Instrumentation and Measurements
GRACE is different from most Earth observing satellite missions Terra and Aqua for example because it will not carry a suite of independent scientific instruments on board.The two GRACE satellites themselves act in unison as the primary instrument. Instantaneous changes in the distance between the twin satellites are used to make an extremely precise gravitational field measurement.
To measure gravity from space, the two identical GRACE satellites fly in the same orbit one 220 km (137 miles) ahead of the other. As the pair circles the Earth, areas of slightly stronger gravity will affect the lead satellite first, pulling it away from the trailing satellite. The uniquely designed Superstar Accelerometer is used to distinguish gravity influences from those of air drag.The K-band ranging instrument is capable of measuring the distance between the satellites with a precision better than the width of a human hair. By monitoring this distance, GRACE will be able to detect fluctuations in the gravitational field and, therefore, differences in the density of the Earth's surface beneath the satellites.The data will be combined with GPS data to produce a map of the gravity field approximately once a month.
A sneak peak at the innards of a spacecraft! For the GRACE mission, the spacecraft itself is the main instrument. This picture shows the GRACE spacecraft with the solar panels removed and gives a clear view of the various components.A diagram of the interior components of the space craft appears on the inside back cover.
This is a schematic diagram of the two GRACE satellites in orbit with the Kband microwave beam connecting them and precisely tracking fluctuations in the distance between the two satellites. The fluctuations are used to infer changes in the gravitational field on the surface of the Earth below.
This diagram illustrates the flight configuration and ground support for the GRACE mission. Fluctuations in density of the Earth's surface result in very small changes in the distance between the two satellites, which are measured with very high precision by the Kband ranging system.The S-band relay (shown protruding from the bottom of each satellite) allows for communication with surface tracking stations. The GPS satellites are used as references to determine the precise location of the two satellites in orbit and allow for the creation of gravity maps approximately once a month.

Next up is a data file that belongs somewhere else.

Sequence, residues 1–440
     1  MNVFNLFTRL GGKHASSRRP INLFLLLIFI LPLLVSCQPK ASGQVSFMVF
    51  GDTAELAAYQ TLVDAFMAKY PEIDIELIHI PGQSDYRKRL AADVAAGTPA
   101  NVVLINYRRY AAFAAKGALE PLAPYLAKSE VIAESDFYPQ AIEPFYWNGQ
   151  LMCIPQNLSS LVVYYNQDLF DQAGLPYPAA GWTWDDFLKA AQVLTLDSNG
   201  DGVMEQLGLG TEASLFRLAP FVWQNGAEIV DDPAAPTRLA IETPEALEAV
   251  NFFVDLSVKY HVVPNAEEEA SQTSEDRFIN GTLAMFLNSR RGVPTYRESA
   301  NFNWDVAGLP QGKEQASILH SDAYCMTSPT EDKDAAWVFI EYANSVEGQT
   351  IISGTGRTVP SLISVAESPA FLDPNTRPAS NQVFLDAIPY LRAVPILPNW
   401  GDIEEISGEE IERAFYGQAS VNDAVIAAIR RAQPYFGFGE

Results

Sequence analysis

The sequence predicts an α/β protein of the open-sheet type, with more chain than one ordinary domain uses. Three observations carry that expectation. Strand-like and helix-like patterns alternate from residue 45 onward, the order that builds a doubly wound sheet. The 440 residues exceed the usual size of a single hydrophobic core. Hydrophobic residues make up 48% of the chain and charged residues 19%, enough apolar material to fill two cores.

Abbreviations Used in GRACE Satellite Diagrams
||Superstar Accelerometer Interface Control
||Superstar Accelerometer Sensor Unit
||Attitude Control Thrusters
||Coarse Earth and Sun Sensor
||Antenna GPS Backup Antenna
||Antenna GPS Navigational Antenna
||Antenna GPS Occultation Antenna
||Instrument Processing Unit
||K-Band Ranging System Assembly
||Laser Retro Reflective Assembly
||Center of Mass Trim Assembly Electronics
||Center of Mass Trim Assembly Mechanism
||On Board Data Handling
||Orbit Control Thrusters
||Power Control and Distribution Unit
||Radio Frequency Electronics Assembly
||Baffle Star Camera Assembly Baffle
|SCA +Y, SCA -Y
||Star Camera Assembly
|SZA - RX
||S-Band Zenith Antenna, Receive
|SZA - TX
||S-Band Zenith Antenna, Transmit
|Tank -X, Tank +X
||Cold Gas Tanks
||Ultra Stable Oscillator
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